I then visited Spelman on a program they have where you spend the night on campus and get a small taste of the sisterhood and campus life. I was immediately hooked. Through my matriculation and subsequent graduation I gained education, life experiences, but most importantly I gained sisters. Sisters that I have and will have for the rest of my life. We have had ups and downs, disagreements, bad times and good times and through it all they are my sisters for life. Their children affectionately call me aunt, we share birthdays, births, anniversaries, lunches, brunches, tears and much more. These women are my support system and I have no idea where I would be without them.

I saw this film with two sisters. One of whom drove 4.5 hours to spend the weekend with me and help ease my transition from selling my home to renting a house downtown. Yes you read that correctly. She drove with her dog in tow just to help me get settled into my new place. The other sister, my best friend who I couldn’t pay to leave my side if I had all the money in the world. I love these two women with all my heart and yet they’re just two of an entire circle of sisters I am blessed to have in my life. I am even more blessed that I have more than one circle that shares this type of bond, and no they’re not all full of Spelman women. My circles include men and women from all walks of life and different educational backgrounds.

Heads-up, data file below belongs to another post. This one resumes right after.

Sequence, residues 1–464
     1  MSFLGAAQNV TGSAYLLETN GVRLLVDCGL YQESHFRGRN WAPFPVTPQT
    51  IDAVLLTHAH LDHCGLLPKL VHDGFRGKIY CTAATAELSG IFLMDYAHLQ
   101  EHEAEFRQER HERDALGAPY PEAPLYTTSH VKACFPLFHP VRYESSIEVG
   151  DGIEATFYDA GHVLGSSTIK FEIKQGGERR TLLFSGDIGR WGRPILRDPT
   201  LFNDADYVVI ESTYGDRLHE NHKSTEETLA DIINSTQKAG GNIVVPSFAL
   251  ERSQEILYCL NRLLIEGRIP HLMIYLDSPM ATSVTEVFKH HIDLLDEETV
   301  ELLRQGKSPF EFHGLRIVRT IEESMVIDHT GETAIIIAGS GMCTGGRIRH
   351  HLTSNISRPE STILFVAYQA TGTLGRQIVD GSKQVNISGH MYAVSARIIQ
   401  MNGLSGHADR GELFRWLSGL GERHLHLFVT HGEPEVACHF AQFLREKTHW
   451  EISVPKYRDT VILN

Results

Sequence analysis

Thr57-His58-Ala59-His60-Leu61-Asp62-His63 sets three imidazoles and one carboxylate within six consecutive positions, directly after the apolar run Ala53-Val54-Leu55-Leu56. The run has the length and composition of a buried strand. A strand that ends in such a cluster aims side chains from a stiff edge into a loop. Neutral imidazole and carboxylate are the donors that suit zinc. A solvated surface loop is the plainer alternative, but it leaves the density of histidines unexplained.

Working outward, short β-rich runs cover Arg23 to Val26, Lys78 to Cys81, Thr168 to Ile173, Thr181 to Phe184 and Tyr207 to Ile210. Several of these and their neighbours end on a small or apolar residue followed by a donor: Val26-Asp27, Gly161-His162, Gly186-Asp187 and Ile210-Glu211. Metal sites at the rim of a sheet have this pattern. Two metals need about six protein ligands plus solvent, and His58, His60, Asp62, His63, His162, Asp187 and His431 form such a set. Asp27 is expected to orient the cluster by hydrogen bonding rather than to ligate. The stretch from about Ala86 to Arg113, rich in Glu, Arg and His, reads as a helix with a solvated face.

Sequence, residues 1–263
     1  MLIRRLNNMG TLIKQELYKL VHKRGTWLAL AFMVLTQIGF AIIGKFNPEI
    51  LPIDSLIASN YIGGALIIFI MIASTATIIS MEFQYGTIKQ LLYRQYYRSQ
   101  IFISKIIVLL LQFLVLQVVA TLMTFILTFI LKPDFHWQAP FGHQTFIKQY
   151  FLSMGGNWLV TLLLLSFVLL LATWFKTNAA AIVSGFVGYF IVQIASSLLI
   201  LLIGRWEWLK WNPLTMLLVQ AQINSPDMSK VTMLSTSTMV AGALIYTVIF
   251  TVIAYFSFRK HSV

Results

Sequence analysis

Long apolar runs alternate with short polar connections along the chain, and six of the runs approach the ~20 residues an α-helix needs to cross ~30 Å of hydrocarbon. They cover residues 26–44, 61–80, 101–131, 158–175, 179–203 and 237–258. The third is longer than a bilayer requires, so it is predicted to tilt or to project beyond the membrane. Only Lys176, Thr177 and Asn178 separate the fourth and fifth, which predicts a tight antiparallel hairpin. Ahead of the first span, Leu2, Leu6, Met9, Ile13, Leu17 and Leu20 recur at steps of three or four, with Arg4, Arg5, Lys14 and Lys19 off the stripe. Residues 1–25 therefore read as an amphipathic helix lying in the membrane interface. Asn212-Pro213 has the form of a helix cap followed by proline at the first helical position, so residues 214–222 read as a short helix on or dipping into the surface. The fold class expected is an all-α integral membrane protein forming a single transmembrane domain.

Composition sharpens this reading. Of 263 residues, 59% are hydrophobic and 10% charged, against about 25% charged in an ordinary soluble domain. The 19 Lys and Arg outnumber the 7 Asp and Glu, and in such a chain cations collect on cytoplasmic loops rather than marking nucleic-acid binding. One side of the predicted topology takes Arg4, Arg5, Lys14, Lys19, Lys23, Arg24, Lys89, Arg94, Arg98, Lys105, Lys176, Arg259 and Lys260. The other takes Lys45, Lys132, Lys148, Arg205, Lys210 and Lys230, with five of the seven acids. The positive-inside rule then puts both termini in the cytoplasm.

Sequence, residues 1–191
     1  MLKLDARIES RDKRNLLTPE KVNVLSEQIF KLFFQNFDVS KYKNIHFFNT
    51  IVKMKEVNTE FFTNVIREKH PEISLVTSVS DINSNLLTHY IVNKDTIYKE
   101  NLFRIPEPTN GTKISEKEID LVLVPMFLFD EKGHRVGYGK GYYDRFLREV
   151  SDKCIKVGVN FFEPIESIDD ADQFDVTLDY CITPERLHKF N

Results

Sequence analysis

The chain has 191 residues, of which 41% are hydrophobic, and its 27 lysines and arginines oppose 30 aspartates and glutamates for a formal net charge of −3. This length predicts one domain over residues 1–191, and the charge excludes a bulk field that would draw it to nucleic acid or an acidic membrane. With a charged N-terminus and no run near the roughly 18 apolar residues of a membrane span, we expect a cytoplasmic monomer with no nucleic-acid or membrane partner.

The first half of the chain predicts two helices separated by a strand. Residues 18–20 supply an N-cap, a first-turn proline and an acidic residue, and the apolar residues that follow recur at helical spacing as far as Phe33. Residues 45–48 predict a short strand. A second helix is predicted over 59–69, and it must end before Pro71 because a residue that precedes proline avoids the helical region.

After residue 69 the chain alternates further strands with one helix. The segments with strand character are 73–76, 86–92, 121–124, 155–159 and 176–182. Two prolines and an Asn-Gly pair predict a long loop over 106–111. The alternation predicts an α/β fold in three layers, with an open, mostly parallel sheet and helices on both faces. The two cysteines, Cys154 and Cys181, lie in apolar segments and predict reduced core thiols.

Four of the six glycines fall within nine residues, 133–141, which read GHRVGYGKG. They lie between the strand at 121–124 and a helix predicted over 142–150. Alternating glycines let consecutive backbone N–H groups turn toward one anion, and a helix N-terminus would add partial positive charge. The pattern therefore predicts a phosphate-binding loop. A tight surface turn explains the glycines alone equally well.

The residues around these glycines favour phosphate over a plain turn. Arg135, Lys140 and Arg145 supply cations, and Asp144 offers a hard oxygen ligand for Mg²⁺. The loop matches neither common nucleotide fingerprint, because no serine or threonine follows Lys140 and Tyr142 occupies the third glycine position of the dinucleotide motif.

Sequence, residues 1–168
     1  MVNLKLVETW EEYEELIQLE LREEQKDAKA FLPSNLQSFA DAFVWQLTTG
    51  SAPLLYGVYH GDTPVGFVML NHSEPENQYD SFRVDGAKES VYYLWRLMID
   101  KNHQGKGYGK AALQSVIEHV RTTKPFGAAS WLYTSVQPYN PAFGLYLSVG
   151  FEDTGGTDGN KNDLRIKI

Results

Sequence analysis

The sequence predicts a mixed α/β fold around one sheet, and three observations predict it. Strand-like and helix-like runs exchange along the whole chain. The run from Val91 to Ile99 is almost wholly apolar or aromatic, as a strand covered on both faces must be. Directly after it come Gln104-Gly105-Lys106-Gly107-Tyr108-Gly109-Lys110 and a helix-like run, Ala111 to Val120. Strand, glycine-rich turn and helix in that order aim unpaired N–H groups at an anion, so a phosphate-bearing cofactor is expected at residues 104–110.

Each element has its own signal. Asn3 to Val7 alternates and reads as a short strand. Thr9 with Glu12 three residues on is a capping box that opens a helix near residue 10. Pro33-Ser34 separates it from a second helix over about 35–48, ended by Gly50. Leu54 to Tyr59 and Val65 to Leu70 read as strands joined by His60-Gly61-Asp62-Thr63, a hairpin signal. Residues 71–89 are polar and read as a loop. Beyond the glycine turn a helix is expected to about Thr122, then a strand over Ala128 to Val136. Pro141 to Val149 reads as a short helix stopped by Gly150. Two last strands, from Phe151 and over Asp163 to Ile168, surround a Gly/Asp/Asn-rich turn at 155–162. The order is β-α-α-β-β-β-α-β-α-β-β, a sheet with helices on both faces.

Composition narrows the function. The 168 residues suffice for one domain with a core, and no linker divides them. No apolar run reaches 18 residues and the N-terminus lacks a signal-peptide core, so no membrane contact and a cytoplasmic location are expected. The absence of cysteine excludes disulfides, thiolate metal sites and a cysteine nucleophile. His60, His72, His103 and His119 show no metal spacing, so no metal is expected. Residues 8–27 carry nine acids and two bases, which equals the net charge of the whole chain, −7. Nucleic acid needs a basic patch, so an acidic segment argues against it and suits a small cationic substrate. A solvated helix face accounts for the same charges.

Girls Trip is our movie. It’s our story. It’s the adventure we call life. It’s the arguments we get over because we love one another. It’s the events we attend for each other just because you’re my sister, my friend and I love you, it’s the naming of children on the way in a group text because this is a joint effort. It’s all of this and so much more.

I saw a few reviews that compared this film to Rough Night, a film about a wild girls weekend gone wrong that eventually brings the all star cast of ladies closer together. This couldn’t be more of an unfair comparison. Not just because Girls Trip opening weekend success far outweighed that of Rough Night, but because the story is different. The connections are different. No not because one is full of black women and the other white women. The story being told is different. It’s heartfelt and realistic and connected in Girls Trip where Rough Night fell flat on all three. Girls Trip is not a film for black girlfriends only. It’s for women with that close bond that love and support each other through everything. It’s hard to tell that story, no matter what race, unless you’ve personally been enveloped in it, watched it or seen it in action for a good portion of your life. It can’t be faked or tossed together in a night. Girls Trip does the job of showing the years of friendship and sisterly foundation it takes to truly depict this bond.

Now 2,591 theaters and $31.2 million dollars later, Girls Trip is the biggest box office hit of it’s genre this year. So my advice to you? Grab your bestie or your group of friends and immediately go see this incredible film.

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Tiffanie Lanelle Mackey is an Assignment and Managing Editor at Urban Newsroom, a budding film director, radio host and the Vice President of Operations at Catalyst Next. As a graduate of Spelman College, she's passionate about the growth and development of the black community, black women and black people.